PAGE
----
Unfortunately, an intuitive time does not always make a good gym-slot. And that is because of two key things. Overcrowding, and time restrictions.
Post Covid-19, Gyms and Fitness Clubs are going to have to be much stricter on the number of people that can go into any given workout area at any given time. In addition to that, everyone will be spending additional time cleaning any gym equipment they use.
Therefore, unless you plan to spend the entire hour gunning it on a treadmill, everyone’s workout will be taking a lot longer, during a lunch hour that was already pushing it in terms of efficiency.
The only positive for lunch-time workout hour I can see post-Lockdown is that with the rise of Working From Home, actual office workers might be in scarcer supply in the big cities.
But conversely, they will be more prevalent in suburbia. Understand your area and the behaviour patterns of the Gym-Goers in your area for the best, least stressful results.
So you want to use the Best Machines and Equipment?
Every Gym or Fitness Club I’ve ever been to has had certain pieces of equipment in short supply. Sometimes it isn’t even for a lack of trying on the Gym’s part. I’ve seen 3 to 4 Chest Press Machines all be consistently full during a 1 to 2 hour period. Sometimes you just can’t plan for the demand.
As I covered in the last section, this problem is only going to become more acute for, at the very least, a while after the Covid-19 lockdown is lifted.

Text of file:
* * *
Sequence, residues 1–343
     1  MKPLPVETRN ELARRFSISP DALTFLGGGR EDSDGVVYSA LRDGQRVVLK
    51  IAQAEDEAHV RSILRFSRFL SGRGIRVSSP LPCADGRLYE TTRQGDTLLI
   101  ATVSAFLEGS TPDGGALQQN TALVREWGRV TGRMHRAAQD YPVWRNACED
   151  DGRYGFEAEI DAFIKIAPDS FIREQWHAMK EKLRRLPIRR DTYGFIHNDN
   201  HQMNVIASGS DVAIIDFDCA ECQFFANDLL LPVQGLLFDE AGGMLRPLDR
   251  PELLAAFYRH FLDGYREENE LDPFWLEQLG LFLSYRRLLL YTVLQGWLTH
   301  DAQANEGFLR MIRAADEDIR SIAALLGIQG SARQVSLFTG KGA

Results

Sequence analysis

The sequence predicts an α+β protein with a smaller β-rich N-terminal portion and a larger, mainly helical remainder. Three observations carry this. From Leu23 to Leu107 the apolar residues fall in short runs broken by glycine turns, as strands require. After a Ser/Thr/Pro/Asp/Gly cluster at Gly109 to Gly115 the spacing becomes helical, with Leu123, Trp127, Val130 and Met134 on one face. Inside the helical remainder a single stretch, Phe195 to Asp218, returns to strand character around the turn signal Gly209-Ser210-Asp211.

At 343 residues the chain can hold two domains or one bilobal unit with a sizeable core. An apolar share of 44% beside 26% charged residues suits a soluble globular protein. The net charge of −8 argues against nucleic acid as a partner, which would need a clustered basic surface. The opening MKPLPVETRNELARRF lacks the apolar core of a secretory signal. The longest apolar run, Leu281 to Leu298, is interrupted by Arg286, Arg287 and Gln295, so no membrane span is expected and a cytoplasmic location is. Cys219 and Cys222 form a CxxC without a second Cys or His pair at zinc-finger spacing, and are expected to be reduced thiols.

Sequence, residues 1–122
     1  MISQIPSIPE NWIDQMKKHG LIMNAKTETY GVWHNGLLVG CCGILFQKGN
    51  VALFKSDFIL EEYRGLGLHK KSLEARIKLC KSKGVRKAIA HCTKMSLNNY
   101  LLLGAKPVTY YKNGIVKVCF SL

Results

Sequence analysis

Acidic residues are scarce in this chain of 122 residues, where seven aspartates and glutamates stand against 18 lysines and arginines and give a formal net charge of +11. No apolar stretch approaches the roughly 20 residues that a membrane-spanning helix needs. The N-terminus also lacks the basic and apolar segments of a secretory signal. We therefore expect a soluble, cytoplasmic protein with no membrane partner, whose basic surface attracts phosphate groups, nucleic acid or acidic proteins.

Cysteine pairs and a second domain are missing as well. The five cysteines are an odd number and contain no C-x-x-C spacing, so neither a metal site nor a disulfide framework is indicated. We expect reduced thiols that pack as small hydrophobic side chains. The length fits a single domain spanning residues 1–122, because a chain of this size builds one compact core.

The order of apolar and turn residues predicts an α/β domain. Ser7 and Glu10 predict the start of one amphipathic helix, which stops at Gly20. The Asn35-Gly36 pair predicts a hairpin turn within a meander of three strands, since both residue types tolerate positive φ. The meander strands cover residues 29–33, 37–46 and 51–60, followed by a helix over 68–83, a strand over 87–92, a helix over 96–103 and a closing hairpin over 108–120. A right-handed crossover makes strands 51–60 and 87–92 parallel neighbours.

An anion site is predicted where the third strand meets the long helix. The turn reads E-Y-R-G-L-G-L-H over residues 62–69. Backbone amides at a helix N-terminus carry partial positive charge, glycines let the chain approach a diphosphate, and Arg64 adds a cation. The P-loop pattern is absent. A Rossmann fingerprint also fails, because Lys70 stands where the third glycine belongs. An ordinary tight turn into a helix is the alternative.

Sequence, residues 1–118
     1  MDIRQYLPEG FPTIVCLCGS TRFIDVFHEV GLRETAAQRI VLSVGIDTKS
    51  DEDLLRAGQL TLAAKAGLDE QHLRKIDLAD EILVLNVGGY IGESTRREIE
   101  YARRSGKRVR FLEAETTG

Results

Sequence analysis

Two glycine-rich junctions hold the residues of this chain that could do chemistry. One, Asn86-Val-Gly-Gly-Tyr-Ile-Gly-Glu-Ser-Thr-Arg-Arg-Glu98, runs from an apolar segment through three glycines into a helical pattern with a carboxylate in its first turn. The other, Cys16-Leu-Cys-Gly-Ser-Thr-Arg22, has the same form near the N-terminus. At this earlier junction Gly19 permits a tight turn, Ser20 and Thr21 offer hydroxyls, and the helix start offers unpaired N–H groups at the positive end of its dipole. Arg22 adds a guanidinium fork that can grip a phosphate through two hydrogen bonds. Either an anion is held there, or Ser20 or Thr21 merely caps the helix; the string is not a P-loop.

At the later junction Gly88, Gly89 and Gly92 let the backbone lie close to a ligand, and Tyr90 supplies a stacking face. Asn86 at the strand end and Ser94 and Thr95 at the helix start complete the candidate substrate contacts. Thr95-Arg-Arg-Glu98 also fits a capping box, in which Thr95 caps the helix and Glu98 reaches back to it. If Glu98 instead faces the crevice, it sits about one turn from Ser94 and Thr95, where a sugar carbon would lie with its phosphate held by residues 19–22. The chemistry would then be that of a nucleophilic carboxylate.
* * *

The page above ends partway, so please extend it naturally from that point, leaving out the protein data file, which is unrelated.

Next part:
Gyms and Fitness Clubs will be rightly prioritising hygiene and unfortunately that will result in long cleaning times, especially on the desirable machines.
The implication of this is that if you want to do a workout at your own pace, you are going to have to find a comparatively quiet time, or series of quiet times.
One semi-reliably quiet time at the moment seems to be the very early morning. Getting your workout in while it is still dark out can be a challenge, but also very rewarding. The lack of distraction on that cursed mobile phone we all have will do you the world of good. And, at least for me, starting the day at the Gym really feels like I’ve achieved something before the rest of the world is awake.
If you like structure and minimal wait time between equipment use, then starting the day at the Gym can be a real boon. But as we covered earlier, if your biological clock isn’t ringing until 11:30am, this might not be the one for you.
Closing Thoughts: On Convenience, and whether to be Consistent or Consistently Inconsistent?
Convenience is a double-edged sword, as you might’ve reflected as you read my thoughts on this matter. Any time that might work well for you, might work well for other people.
As such, it becomes important to understand who you are sharing a Gym or Fitness Club environment with. If 40% of the membership is there at 6am everyday, then perhaps it is time to consider going after work.
And equally, as I’ve implied throughout this article, there is nothing saying you have to go at set times of the day. In his autobiography, Total Recall, Arnold Schwarzenegger talks about how he felt he got the most gain when he started training at two separate times of the day. And that seems to have worked well enough for him!
Jokes aside, the best time to visit the Gym will ultimately be the time that works for you. It sounds like a cop out, but it is the truth. Personally, I am someone who thrives when I am doing workouts at irregular times, depending on the day. Before lockdown I’d only ever be found in the Gym immediately after work on a Friday, because I knew it would be dead.
This sort of agile approach can allow you to access the great slots without locking yourself into bad slots. But it isn’t for everyone. I hope you can make the right decision for you, and I hope my thoughts have helped.